Nonprofit Group Connects Mentors With Young People
By JANICE RUTHERFORD
When J.R. Harrison of Upland wanted to be a volunteer mentor for a young person in need, he reached out to the oldest and largest youth mentoring organization in the nation — Big Brothers Big Sisters.
“It was one of those things in the back of my mind that I always thought would be neat to do,” Harrison said.
Big Brothers Big Sisters connects boys and girls — known affectionately as Littles — between the ages of 6 and 18 with adult mentors who are called Bigs. Volunteers commit to spending a couple of hours two times a month with their Little, and they also agree to spend at least a year in the program.
The organization traces its roots back to 1904, when a New York City court clerk set out to find mentors for the youth going through the New York Children’s Court.
The non-profit’s local affiliate, Big Brothers Big Sisters of the Inland Empire, interviewed Harrison, explained the mentorship program, and ran a background check on him as is standard procedure for all the group’s volunteers.
“It’s an interesting experience,” Harrison said. “They analyze the person who wants to be a Big and try to match them with the needs and interest of the kids ”
Eventually, Harrison was paired with a 12-year-old boy named Victor.
“It was a little difficult to draw out what excited him,” Harrison said. “He’s a shy kid.”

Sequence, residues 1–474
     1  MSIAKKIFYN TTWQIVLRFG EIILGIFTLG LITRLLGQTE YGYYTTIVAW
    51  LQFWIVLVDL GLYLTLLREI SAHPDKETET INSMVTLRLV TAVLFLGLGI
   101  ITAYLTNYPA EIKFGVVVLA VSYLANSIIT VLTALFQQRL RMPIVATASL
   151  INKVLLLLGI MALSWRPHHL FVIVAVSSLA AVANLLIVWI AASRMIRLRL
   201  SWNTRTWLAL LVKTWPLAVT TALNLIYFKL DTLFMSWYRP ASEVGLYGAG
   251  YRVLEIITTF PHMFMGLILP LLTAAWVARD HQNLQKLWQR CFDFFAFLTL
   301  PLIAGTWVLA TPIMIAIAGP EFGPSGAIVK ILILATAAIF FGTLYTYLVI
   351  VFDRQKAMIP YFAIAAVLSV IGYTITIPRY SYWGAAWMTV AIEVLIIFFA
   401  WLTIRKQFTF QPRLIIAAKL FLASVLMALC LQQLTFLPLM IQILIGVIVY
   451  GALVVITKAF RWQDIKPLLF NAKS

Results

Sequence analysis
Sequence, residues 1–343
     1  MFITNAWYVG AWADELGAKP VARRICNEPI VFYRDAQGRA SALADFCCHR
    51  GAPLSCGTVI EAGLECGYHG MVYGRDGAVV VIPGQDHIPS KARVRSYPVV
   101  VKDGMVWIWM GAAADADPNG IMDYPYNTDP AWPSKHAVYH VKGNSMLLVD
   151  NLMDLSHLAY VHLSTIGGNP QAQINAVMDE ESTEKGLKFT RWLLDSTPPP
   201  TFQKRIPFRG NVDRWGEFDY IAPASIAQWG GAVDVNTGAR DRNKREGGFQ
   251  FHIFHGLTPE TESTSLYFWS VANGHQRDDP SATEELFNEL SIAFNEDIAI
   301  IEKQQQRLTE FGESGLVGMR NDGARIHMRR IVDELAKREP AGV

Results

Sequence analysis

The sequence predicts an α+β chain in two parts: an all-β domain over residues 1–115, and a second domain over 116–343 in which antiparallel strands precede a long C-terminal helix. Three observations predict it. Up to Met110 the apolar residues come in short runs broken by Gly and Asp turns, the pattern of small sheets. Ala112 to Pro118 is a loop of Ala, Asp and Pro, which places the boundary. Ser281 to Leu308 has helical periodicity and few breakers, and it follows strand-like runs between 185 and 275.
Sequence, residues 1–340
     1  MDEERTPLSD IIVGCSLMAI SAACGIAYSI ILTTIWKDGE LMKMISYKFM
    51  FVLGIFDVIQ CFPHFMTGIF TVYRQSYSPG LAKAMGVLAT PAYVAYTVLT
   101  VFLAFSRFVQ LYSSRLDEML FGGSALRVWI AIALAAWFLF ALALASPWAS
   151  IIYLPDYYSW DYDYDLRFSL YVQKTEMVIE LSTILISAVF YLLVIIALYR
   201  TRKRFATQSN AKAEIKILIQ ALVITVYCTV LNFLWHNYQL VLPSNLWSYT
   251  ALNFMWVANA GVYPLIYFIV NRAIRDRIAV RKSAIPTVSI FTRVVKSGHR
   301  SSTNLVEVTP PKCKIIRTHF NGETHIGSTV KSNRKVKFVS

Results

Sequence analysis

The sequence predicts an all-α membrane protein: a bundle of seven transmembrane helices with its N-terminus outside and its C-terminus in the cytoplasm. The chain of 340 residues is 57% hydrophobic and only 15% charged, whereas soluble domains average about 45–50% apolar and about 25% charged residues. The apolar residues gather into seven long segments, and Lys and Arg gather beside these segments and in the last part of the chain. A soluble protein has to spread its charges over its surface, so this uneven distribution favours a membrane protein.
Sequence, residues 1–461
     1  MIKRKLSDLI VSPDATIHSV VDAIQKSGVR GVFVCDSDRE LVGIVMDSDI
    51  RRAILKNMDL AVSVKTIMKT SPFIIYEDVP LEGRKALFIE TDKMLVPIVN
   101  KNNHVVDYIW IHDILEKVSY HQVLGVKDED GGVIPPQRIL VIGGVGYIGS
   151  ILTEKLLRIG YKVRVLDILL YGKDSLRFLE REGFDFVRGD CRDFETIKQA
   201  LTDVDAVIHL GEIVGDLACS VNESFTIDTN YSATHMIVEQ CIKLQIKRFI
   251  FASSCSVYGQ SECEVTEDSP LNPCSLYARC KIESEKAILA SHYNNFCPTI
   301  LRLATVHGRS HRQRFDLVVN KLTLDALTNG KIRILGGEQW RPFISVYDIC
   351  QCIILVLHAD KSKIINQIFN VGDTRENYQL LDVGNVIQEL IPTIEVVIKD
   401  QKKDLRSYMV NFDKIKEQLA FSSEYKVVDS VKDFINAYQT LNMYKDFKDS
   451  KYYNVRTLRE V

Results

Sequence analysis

Harrison told Victor he worked as an airplane mechanic after discovering the boy was interested in cars, and pretty soon the two were chatting away about automobiles and engines.
“It just kind of tied things together and gave us something to talk about,” he said.
He took Victor go-carting on their first outing. Since then, they have visited the Petersen Automotive Museum in Los Angeles, went to the movies, and watched airplanes land while eating In-N-Out burgers near LAX.
When Victor confided he was having trouble in math class, Harrison gave him some tips, and since then, the boy’s math grade has improved.
Victor has also helped Harrison, who is admittedly a little loquacious, look at life and relationships a little differently.
“I’ve learned to sit back and observe a little more,” he said. “He opens my eyes on how to handle things.”
Learn more about Big Brothers Big Sisters by visiting www.iebigs.org.
(San Bernardino County Supervisor Janice Rutherford represents the 2nd District, which includes part of Fontana. This article originally appeared in the Rutherford Report.)
View Original Publication: Fontana Herald News